On Sunday, the BBC broadcasted an interview between Gordon Brown and Andrew Marr. It was decried as uneventful; dull, even. I confess immediately that I did not watch the programme, nor have I seen it on the excellent “watch again” feature on the BBC News website. I have, however, skimmed over the transcript of the interview that has been placed on their website – probably in response to the aforementioned complaints.
From what I can see of the transcript, Marr was hardly softly listening to Labour propaganda: he was challenging and wide-reaching in his questioning. Just because he isn’t combative, he shouldn’t be dismissed as a lightweight. And there was some substance hidden in there.
One paragraph stood out in particular:
AM: How is the style of government going to feel different? People out there watching – are they going to look at a Brown government and just feel that the sort of fabric of daily government is different? Is it going to be a government where you take more notice perhaps of the Cabinet? Is it going to be a government where there is, dare I say it, less spinning?
GB: It’s going to be, and has to be, a government of all the talents. And that doesn’t mean just the talents of one political party. I think you’ve got to use the talents of the wider community in government.
Yes, typical politician. Answering the question he wanted to be asked with inclusive-sounding rhetoric that will appeal to people but has no real substance to it. Or are we failing to read deep enough into the mind of this undoubtedly highly intelligent man?
It was even suggested that Blair might show a bit of cross-party support in allowing Paddy Ashdown onto his cabinet, but this never materialised.
In Blair’s pre-PM years as leader of the Labour Party, he spoke at length of the political alliance with the Lib Dems he was expecting to be forced into. Indeed, he reluctantly agreed a pledge for proportional representation, but following the 1997 election, any electoral reform would have been absolute suicide for the party. It was even suggested that Blair might show a bit of cross-party support in allowing Paddy Ashdown onto his cabinet, but this never materialised.
Now, it seems more likely than at any point in the last decade that the next general election will see a hung parliament. Is this comment from Brown actually a hint to the Lib Dems? Is he suggesting that he would be willing to form a coalition to keep the Tories from power? He knows that the next election will be close. The longer he leaves it, the smaller the Labour share of the vote will be. If he held an election in Spring 2008, Labour would probably be the largest party, but with a minority. A Lib/Lab pact would be just about workable, but Brown would have to work on cross-party relations. Is this only the first of such comments designed to infiltrate Lib Dem thinking?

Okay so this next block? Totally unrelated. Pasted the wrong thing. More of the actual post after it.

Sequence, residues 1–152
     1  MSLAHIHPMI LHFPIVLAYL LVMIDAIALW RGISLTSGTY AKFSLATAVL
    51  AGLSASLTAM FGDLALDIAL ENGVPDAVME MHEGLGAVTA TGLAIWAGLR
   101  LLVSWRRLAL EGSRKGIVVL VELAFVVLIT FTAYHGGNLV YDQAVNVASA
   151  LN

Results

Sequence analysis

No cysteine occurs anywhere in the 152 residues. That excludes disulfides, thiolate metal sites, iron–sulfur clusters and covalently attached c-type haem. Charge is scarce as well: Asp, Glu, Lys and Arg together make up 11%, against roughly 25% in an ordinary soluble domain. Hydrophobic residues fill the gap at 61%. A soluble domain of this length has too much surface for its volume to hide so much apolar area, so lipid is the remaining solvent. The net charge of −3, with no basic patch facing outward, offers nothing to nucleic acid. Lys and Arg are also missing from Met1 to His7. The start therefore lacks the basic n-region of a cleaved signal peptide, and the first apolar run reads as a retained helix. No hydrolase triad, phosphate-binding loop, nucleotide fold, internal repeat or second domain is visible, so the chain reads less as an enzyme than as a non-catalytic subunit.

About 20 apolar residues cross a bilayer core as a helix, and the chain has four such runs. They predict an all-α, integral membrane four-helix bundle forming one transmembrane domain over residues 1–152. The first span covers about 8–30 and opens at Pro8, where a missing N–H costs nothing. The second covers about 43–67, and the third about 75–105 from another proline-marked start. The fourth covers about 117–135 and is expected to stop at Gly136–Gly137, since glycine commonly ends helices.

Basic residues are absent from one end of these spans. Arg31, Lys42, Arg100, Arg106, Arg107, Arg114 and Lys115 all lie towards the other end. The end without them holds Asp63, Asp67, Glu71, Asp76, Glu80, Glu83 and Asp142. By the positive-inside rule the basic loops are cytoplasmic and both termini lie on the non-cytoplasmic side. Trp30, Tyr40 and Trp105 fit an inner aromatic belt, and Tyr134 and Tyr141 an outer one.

It seems as if he is softening the ground for bringing Ming into his cabinet – and Foreign Secretary seems the obvious role: it is Ming’s expertise, and it is high-profile enough to keep him fairly loyal.
There is another alternative, though. If Brown calls an election for November this year, he would probably scrape a narrow victory, reminiscent of Major in 1992. With a majority smaller than his cabinet, and an increasingly frustrated party, he would find it difficult to pass legislation in tight votes. If this were to happen, would he take Ming on as Foreign Secretary? He would be able to appease the Lib Dems and to gather their support in close votes. He would be the leader of inclusion, the champion of democracy. He might even put forward some thoughts on electoral reform, meeting the Lib Dems half way with a hybrid system.
He says “It’s going to be, and has to be, a government of all the talents”. “And has to be”? He is clearly thinking that he will have to make concessions to stay in government. Now is the time to start working on those relations if he anticipates them. He is clearly trying to cosy up to the Lib Dems. The only question is, why?
If this apparently dismissible comment is to be taken seriously, it may offer insight to Brown’s plans. The phrase “you’ve got to use the talents of the wider community in government” sounds rather more like he is talking about individuals rather than a party. It sounds like he expects that his government will “have to be” inclusive of “talents” outside the Labour Party. Thus it seems as if he is softening the ground for bringing Ming into his cabinet – and Foreign Secretary seems the obvious role: it is Ming’s expertise, and it is high-profile enough to keep him fairly loyal.
If this is so, then it looks as if Brown thinks he will receive a tiny majority, indicating an early election. None of the parties can afford an election, so if one takes place they run the risk of being bankrupted. But if financial issues killed mainstream political campaigning, would it be a bad thing? Or, indeed, wouldn’t Brown’s first piece of legislation allow state funding of political parties? The arguments over motives will, of course, continue ad infinitum.
Of course, it could just be that a slimy New Labour politician was greasing his way out of a question he didn’t want to answer with nice-sounding rhetoric.
But that wouldn’t be much fun, would it?